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How Accurate Is the 26-27-60 Rule for Drafting Quarterbacks?

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Bob Donnan-USA TODAY Sports

Yesterday we took a look at some of the guidelines Hall of Fame head coach Bill Parcells had for drafting quarterbacks. Today let's take a look at another theory, the 26-27-60 rule.

The rule came to prominence after a Sports Illustrated article from 2010 noted the success rate in the NFL of quarterbacks who had at least 26 college starts, scored at least 27 on the Wonderlic test, and had a completion percentage of at least 60%.

In case you are unfamiliar with the Wonderlic, it is a timed intelligence test in which the participant has to process a lot of information in a short amount of time. It is not specifically designed for NFL prospects. It is used all over. NFL prospects do take it. Its use is controversial.

How did our group of 14 top quarterbacks fare on the 26-27-60 rule? Once again, we will count the one year Aaron Rodgers and Cam Newton had playing in junior college.

Hit all three benchmarks (9/14)

Peyton Manning

Drew Brees

Tony Romo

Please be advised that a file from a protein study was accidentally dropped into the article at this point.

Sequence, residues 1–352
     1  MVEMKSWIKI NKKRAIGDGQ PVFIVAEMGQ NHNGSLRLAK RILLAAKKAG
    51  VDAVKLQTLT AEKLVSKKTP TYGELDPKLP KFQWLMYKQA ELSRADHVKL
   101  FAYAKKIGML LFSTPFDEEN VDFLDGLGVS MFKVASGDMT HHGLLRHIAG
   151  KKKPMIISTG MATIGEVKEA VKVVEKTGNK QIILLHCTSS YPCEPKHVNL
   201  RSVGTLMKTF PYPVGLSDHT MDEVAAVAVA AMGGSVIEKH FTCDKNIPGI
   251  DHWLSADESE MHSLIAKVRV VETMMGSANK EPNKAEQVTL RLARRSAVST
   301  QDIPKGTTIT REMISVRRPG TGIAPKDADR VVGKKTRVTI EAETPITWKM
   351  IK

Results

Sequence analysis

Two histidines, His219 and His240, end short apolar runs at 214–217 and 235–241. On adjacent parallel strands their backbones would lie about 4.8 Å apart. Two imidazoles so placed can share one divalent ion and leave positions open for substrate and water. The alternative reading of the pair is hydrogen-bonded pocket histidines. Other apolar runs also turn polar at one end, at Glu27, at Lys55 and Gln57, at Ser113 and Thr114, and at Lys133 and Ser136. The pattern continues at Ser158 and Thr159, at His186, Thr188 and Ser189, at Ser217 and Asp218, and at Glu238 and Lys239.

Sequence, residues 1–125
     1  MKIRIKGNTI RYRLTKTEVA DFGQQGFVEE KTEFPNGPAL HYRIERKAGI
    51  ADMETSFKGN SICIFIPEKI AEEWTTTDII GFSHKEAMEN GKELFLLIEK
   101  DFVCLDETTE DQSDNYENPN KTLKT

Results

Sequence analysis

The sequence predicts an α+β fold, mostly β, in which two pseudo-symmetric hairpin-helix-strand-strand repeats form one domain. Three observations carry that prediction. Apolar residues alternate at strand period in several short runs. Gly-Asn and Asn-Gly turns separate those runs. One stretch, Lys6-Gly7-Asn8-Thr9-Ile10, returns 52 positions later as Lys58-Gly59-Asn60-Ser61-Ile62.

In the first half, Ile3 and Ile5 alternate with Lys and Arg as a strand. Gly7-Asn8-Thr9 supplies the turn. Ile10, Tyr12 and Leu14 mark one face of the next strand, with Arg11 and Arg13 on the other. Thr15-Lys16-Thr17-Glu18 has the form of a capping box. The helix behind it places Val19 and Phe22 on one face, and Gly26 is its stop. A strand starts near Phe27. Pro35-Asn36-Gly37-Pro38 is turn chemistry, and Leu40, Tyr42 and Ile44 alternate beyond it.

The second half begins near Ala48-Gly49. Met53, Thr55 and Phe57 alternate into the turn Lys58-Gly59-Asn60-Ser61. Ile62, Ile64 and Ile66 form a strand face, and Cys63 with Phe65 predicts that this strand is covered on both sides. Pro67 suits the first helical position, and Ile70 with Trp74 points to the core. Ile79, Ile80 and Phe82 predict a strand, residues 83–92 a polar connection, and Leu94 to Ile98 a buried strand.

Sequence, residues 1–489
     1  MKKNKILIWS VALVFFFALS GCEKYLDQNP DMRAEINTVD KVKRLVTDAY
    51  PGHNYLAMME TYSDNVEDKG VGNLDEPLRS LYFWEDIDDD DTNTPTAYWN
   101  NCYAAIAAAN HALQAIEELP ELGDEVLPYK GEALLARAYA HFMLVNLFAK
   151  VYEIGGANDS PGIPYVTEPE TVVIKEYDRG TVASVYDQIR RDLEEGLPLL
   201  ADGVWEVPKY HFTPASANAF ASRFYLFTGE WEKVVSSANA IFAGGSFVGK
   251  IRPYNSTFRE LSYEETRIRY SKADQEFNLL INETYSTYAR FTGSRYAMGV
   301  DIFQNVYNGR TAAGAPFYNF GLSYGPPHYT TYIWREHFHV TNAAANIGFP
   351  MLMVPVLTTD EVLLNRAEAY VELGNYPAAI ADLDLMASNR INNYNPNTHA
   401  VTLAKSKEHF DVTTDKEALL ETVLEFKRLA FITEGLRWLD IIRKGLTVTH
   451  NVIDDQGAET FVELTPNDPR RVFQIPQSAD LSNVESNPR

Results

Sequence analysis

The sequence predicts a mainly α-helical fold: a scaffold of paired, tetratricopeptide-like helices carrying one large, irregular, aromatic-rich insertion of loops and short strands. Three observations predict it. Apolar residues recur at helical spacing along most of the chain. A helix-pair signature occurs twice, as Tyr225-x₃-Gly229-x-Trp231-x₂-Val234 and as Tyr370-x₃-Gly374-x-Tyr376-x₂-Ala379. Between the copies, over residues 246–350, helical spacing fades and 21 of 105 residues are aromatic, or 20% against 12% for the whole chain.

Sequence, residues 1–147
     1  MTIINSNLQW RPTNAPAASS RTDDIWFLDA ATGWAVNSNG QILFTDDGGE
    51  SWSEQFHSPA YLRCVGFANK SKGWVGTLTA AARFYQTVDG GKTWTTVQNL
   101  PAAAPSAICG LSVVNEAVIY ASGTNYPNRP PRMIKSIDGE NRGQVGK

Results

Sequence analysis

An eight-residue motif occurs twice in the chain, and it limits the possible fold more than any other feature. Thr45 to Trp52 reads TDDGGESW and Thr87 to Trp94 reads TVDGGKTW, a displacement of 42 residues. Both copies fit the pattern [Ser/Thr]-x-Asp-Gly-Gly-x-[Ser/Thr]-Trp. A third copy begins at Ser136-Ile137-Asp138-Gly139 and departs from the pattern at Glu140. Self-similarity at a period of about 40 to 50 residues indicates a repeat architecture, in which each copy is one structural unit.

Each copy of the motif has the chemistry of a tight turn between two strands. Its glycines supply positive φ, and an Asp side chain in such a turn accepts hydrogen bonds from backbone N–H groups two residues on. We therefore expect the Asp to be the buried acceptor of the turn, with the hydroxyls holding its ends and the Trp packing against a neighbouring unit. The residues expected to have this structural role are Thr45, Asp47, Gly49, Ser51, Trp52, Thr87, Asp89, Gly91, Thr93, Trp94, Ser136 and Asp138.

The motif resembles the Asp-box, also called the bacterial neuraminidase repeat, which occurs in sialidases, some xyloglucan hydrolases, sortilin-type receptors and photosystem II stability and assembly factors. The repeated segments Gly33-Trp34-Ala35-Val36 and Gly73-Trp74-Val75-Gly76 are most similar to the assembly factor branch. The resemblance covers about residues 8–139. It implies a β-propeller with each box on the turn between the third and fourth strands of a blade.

Russell Wilson

Philip Rivers

Eli Manning

Andrew Luck

Joe Flacco

Aaron Rodgers

Hit two of three benchmarks (4/14)

Ben Roethlisberger
Cam Newton
Tom Brady
Matt Ryan

Hit one of three benchmarks (1/14)

Carson Palmer

..............................................

How do the actual numbers break down?

Started at least 26 college games (13/14)

Peyton Manning

Drew Brees

Tony Romo

Russell Wilson

Philip Rivers

Eli Manning

Andrew Luck

Joe Flacco

Aaron Rodgers

Ben Roethlisberger

Cam Newton

Carson Palmer

Matt Ryan

This one is about as rock solid as it gets. Only Brady did not hit the threshold, and he had 25 starts. There were also extenuating circumstances. Brady missing 26 starts doesn't necessarily say anything bad about him. Michigan won the National Championship with Brian Griese playing quarterback the year before Brady got the starting job.

Scored at least 27 on the Wonderlic (11/14)

Peyton Manning

Drew Brees

Tony Romo

Russell Wilson

Philip Rivers

Eli Manning

Andrew Luck

Joe Flacco

Aaron Rodgers

Matt Ryan

Tom Brady

Roethlisberger, Newton and Palmer were the three who missed out.

Completed at least 60% of passes in college (12/14)

Peyton Manning

Drew Brees

Tony Romo

Russell Wilson

Philip Rivers

Eli Manning

Andrew Luck

Joe Flacco

Aaron Rodgers

Tom Brady

Ben Roethlisberger

Cam Newton

You have to be around 60% at a minimum to be successful as a pro. If you can't do that in college, how can you expect to do it in the NFL? The only two not to hit this mark were Carson Palmer and Matt Ryan. Palmer was a late bloomer at USC who put it all together in a Heisman Trophy winning senior year. Ryan would be at 60% if not for a game he had to start his freshman year before he was ready.